Informed (Heuristic) Search Strategies By: Zac Lippard CS 430
What is a Heuristic Search? • It is an informed type of strategy • Uses information for problem-solving • Can find solutions faster than uninformed strategies.
The 3 Basic Heuristic Search Strategies • Greedy Best-First Search • A* Search • Memory-Bound Heuristic Search
Understanding the Search Method • Takes in information in order to find the quickest solution. • Solution should also be efficient. • Not every method will be efficient depending on the algorithms used.
Functions Behind the Searches • Evaluation Function • Heuristic Function
Evaluation Function • The search algorithm that chooses a node best suited for expansion. • Most functions search for nodes with smallest value.
Heuristic Function • The algorithm used to find the cheapest path to the goal node. • Most common form of search algorithm. • Easier to use • More information readily available
Greedy Best-First Search • Expands the node that is closest to the goal. • Evaluates nodes by the function:f(n) = h(n) • Example is a straight-line distance heuristic • Uses straight lines with the shortest distance to reach the goal.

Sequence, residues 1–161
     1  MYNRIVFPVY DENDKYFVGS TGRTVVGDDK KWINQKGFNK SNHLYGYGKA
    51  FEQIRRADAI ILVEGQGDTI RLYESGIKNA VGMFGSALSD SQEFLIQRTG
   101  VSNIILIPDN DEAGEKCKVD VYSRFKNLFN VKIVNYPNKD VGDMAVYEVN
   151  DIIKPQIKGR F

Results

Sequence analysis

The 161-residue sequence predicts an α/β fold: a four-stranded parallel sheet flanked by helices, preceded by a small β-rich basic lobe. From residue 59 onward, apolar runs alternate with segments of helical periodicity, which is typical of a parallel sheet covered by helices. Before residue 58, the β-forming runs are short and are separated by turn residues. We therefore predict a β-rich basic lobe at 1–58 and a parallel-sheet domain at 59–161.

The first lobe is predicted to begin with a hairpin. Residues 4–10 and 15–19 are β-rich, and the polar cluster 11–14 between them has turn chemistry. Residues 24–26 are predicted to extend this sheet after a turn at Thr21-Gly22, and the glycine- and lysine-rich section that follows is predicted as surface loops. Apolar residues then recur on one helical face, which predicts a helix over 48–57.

Problems with this Search • The main problem with this search is even though the algorithm picks shortest distances, it doesn’t necessarily find the shortest distance to the goal.
A* Search • Most widely known form of the best-first search • The evaluation function is: f(n) = g(n) + h(n) • g(n) is the cost to reach the node. • The cheapest solution is found by g(n) + h(n)
A* Search Cont. • Admissible Heuristic = Optimistic search • It never overestimates; estimates the cost less than actuality. • Contours can be used to find the general range of possible nodes that can be expanded given a certain f-cost.
Memory-Bound Heuristic Search • Used to reduce the amount of memory used in the search function. • The IDA*, or iterative-deepening A* algorithm, has a cutoff value of the smallest f-cost from the previous iteration.
Recursive best-first search (RBFS) • A better version of IDA*. It regenerates nodes from the same level in order to find the smallest f-cost. • The recursive nature from regenerating the same node over and over is one of the downfalls.
Memory-bounded A* (MA*) • This search uses an optimal amount of memory. • A simpler form of MA* is Simplified MA* or SMA*.
Example from book • Enhances the RBFS function by removing the highest f-cost node from memory in order to make room for new expanded nodes. • What if there are multiple highest f-cost with the same value? • SMA resolves this by expanding the newest best leaf node and deleting the oldest one.
Better Searches • How can we have better searches? • Through meta-level state space. • Meta-level structures allow the computer to capture the internal state of an object-level state (in the books example this would be Romania). • Errors like unnecessary node expansion are interpreted by a meta-level learning algorithm.
Conclusion • Types of known search strategies: • Greedy Best-First Search • A* Search • MA* and SMA* • Meta-level Searches • Goal is to always minimize the total cost of the problem.